You could make a whole summer trip traveling the coast of Oregon by stopping at each lighthouse, all 9 of them and checking out the sites around them. There are TWO in the town of Newport, so we went on a tour of the tallest one in Oregon on the coast-Yaquina Head. The 93 foot tower stands 162 feet above sea level. There's an outstanding natural area there as well, and the sign officially states "Outstanding Natural Area" just to confirm that you are at a really cool nature site! There are trails to the tide pools at the base of the cliffs that are accessible year round. The lighthouse tour is FREE.
There was a tour lady dressed in period costume explaining the lighthouse keeper's duties and how hard they worked to keep the lighthouse beacon working. He lived there with his wife and SEVEN children. No electricity. Rainwater was collected in a cistern. They had to carry pig lard oil (and you thought it was whale oil probably, like me) up 114 stair steps. That bucket was HEAVY! I couldn't figure out why my legs were killing me the next day. I thought it was from swimming some laps ( I did finally make it into the pool) but nope! It was taking those 114 steps quickly going up and then coming back down that day. Pretty good workout. Nothing like climbing stairs to get the old heart a pumpin' and the leg muscles working! The tour lets you get really really close to the Fresnel lens and light (automated today) within just a few feet. Hard to believe that itty bitty light can be seen so far out to sea...
|lens and light|
|view from the lighthouse grounds|
Off to the tidepools the next day, at the same location...after consulting the tide schedule...we went around noon, and it was really interesting--you've got your sea lions and seals and birds off shore, and then the amazing pools of life left behind by the tide. Lots of school kids were there and well behaved at that. It was fun to see their excitement and learning going on...Personally, I thought it was brave of the school to let them come out to barnacle covered slippery rocks which were begging for someone to take one misstep and fall, especially with how kids mess around on a field trip!...I got nervous about myself after hearing one of the park rangers say he got five stitches from a slip and fall on the barnacles there at the tidepools. Not only were the rocks difficult to negotiate because you had to step around and through colonies of barnacles EVERYWHERE, but you had to watch you didn't step on squishy anemones that looked just like the rocks! Learned some new things about the little and not so little creatures in the tidepools...chitons look sorta like small footballs, certain kinds of anemones have identical DNA. They divide like amoeba cells, and if a slightly different genetic type of anemone tries to attach itself, they fight each other! HOW do they fight? I have no idea! It's amazing to me that they let so many people come down to the tidepools and step willy-nilly around on the rocks. I will say there were LOT of park personnel moving around, working with kids. What a wonderful experience that is for everyone, adults, too!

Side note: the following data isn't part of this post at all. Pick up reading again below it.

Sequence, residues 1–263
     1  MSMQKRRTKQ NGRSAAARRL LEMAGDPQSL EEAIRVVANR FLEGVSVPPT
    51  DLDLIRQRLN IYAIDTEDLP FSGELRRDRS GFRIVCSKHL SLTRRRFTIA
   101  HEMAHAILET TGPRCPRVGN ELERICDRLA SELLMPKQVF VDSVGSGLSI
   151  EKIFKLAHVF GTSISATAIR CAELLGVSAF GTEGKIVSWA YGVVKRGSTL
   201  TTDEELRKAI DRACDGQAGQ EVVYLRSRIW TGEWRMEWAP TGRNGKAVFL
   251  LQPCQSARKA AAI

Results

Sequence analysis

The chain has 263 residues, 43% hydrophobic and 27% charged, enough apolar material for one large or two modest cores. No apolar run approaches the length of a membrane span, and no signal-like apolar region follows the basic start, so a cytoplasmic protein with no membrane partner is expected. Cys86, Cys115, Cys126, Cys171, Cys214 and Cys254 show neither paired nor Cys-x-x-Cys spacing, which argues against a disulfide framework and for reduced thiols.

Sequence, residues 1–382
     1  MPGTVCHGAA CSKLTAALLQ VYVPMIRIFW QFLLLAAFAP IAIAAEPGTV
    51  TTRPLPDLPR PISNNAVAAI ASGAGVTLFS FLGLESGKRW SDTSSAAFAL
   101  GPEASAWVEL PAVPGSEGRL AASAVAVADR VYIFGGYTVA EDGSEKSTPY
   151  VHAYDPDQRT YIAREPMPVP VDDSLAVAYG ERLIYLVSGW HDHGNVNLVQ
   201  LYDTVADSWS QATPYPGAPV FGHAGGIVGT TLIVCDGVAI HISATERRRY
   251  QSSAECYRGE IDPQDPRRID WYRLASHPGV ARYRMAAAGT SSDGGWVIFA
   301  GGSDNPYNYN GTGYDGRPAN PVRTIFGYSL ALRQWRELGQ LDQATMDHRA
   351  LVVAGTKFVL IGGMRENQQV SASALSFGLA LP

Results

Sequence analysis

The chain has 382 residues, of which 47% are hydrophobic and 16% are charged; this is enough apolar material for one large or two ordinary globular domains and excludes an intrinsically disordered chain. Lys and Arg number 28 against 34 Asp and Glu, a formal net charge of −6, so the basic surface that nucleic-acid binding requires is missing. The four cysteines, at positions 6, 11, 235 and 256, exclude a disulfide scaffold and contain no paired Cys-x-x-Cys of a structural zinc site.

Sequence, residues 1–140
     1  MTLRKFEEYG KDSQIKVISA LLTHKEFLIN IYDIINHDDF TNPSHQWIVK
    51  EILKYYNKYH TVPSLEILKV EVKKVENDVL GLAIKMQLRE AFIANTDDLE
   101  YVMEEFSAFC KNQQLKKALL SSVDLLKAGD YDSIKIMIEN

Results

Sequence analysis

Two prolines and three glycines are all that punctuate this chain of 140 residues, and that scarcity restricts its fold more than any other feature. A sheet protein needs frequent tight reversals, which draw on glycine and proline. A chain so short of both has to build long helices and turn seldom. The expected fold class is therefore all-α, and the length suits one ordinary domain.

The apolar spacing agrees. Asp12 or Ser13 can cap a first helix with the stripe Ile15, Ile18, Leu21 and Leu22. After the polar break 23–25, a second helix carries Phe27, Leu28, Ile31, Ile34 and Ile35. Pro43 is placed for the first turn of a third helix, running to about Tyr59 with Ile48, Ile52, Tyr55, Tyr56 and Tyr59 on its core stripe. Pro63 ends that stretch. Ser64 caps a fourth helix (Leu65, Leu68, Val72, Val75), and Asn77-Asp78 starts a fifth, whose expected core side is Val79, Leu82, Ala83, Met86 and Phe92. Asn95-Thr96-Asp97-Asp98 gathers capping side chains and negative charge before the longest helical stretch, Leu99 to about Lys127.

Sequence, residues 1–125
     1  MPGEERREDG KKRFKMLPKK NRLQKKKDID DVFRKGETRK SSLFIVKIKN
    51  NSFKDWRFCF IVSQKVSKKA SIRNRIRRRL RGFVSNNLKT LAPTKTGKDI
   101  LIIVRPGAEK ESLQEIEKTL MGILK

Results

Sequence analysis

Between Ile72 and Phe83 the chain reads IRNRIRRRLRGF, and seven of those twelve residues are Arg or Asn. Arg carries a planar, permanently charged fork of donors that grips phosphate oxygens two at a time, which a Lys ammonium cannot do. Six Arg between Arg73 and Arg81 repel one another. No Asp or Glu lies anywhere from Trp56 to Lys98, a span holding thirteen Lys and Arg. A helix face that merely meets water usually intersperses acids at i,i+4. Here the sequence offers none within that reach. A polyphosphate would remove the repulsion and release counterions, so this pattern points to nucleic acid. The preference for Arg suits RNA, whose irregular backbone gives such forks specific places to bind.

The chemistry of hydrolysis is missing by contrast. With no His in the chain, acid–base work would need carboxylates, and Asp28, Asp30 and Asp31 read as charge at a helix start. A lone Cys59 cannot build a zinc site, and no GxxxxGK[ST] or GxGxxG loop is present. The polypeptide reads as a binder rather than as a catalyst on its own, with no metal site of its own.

Ew-w-w-w! Lots of slimy, squishy things...watch your step, Sparky! I did...negotiating the cobblestones on the beach was much more hazardous. The whole beach down by the tidepools is covered with these black round cobblestones that start to roll when you step on them! Gingerly we made our way back to the safety of the steps back up to the parking lot.
We had a great conversation with a retiree there, who volunteers at the tide pools. We love meeting people, talking to them about their volunteer jobs, and learning lots more about our marvelous country than we ever learned in school when we were growing up. Some day we hope to be volunteers in a park somewhere, but we're not quite ready to stay in one spot long enough to do that yet! Eldo and Sparky are still on the move!
We really enjoyed the tidepools today....hope to see some more up the coast..I supposed if you've seen one, you've seen them all but different beaches offer different views around the pools and different proportions of sea creatures. It was a great day in the RV full timing lifestyle!
I must admit I have never visited a tide pool. I've done the hands on at several aquariums though. Does that count?ReplyDelete
Looks like you had a beautiful couple of days.
That reminds me of the starfish thrower:ReplyDelete
As he got closer he called out, "Good morning! What are you doing?" The young man paused, looked up and replied, "Throwing Starfish into the ocean."
"I guess I should have asked; why are you throwing Starfish into the ocean?"
"The sun is up and the tide is going out and if I don't throw them in they'll die."
"But young man, don't you realize that there are miles and miles of beach and Starfish all along it, you can't possibly make a difference!"
The young man listened politely, then bent down, picked up another Starfish and threw it into the sea, past the breaking waves. "It made a difference for that one."
Great story, Pat. I want to visit the tide pools too. Another one to add to my list.ReplyDelete
Enjoyed the story, Pat. Thanks for sharing.ReplyDelete
if you're going on up to Washington, I highly recommend beach combing at the beaches near LaPush! hopefully they won't be as crowded ~ and the tidepools are awesome there too...ReplyDelete
Unfortunately, we are leaving the coast area of Oregon after Seaside, and heading towards the center of Washington but thanks for the info! Got it marked in our travel notes!ReplyDelete
Correcction everybody! Got my lighthouses mixed up. The lighthouse keeper and the seven kids is at the OTHER lighthouse in Newport, Yaquina Bay Lighthouse. Sorry about that!ReplyDelete